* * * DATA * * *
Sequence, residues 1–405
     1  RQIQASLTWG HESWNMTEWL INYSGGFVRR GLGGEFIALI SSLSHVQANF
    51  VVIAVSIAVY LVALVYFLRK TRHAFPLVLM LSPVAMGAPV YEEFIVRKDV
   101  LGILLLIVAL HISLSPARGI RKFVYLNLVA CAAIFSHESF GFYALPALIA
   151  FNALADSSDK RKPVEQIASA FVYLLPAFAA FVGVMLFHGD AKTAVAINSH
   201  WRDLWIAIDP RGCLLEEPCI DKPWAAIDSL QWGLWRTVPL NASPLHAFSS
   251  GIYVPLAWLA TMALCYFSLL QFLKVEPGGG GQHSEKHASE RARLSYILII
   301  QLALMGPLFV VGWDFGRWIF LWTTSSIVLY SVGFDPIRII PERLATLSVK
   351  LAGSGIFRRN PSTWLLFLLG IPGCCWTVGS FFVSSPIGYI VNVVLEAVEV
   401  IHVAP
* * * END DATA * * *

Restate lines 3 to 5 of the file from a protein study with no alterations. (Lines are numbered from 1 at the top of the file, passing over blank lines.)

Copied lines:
    51  VVIAVSIAVY LVALVYFLRK TRHAFPLVLM LSPVAMGAPV YEEFIVRKDV
   101  LGILLLIVAL HISLSPARGI RKFVYLNLVA CAAIFSHESF GFYALPALIA
   151  FNALADSSDK RKPVEQIASA FVYLLPAFAA FVGVMLFHGD AKTAVAINSH